Guest Columnists - Dynamics of Punches
I look upon the punching movement as a three-point/dot element. The stepping foot, the punching side hip, and the fist. Foot, hip, punch as the three dots.
When we move our bodies in this manner we generate motion, dynamics, mechanics, etc. The pivotal support would be the leading foot whilst the hips generate the rotation and motion to execute the technique. The best way to explain this would be to perform the simple 'end' motion of the technique.
Whilst in Junzuki allow your punching and Hikite arms to simulate the punching motion, and whilst doing this 'feel' what the hips and stance are doing. Additionally, allow the rear knee to bend and straighten and the rear heel raise slightly during this exercise. Also, whilst doing this, we can 'exaggerate' the feeling of the technique and see where the most effective part of the punch is coming from, and then further this 'feeling'. Go back to the beginning and simulate the complete punch and put this new 'feeling' into the technique.
This exercise can also be simulated with the Gyakuzuki, although in this case we are feeling the reverse motion. In Junzuki we have the leading 'pivotal' foot placed pointing forward and allowing our Junzuki to extend from this. The target of the punch would be centralised, so the line of the foot would be (in relationship) outward to the line of the punch, which would be directed inwards towards the centre of the target.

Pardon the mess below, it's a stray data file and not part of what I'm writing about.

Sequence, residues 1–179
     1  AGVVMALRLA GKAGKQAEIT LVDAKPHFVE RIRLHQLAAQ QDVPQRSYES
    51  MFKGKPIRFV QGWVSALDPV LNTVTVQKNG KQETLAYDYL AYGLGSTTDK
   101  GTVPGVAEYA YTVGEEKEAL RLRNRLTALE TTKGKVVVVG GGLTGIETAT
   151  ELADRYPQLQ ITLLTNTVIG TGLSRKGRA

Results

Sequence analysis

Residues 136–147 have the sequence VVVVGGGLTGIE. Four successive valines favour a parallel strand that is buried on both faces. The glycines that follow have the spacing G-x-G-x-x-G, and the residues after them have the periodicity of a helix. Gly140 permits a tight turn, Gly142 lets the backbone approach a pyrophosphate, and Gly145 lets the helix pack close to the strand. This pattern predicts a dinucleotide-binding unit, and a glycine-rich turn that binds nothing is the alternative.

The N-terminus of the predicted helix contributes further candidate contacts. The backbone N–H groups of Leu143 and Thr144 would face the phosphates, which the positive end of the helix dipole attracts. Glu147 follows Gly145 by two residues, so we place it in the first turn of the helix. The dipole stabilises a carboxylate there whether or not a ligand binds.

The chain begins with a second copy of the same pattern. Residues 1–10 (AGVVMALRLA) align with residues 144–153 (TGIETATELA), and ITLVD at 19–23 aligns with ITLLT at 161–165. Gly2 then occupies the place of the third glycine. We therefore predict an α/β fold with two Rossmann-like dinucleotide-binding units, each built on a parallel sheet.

In Gyakuzuki, however, we have the opposite as the leading foot must be turned in so as not to cause 'over-twisting' of the hips (the hips are retained by the foot position, as with Nai-hanchi, etc.). Here the pivotal foot is secured and the 'rotational' leg (rear) is creating the necessary rotation and movement to generate the power for the hips. For this exercise allow the rear foot to twist on the ball (allowing the heel to be free of friction to the floor) of the foot as you repeat the punching movement from the same stance repeatedly. Again, 'feel' this effect you are creating. Your leading foot is turned in slightly, and your punching movement, and direction, is crossing over the line of the leading foot. Again, the punch is directed to the centre of the opponent. Now practise the punch from the beginning and put this 'feeling' into complete technique.
Gary E Swift, 8th Dan.
Chief Instructor to the British Wadokai Karate-do. British Wadokai